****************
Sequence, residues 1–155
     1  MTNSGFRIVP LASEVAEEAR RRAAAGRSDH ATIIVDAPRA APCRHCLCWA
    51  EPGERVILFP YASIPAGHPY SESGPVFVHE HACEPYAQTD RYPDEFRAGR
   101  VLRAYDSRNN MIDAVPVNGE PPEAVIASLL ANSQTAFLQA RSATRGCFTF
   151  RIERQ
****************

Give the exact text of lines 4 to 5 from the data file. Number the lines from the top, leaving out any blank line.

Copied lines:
   101  VLRAYDSRNN MIDAVPVNGE PPEAVIASLL ANSQTAFLQA RSATRGCFTF
   151  RIERQ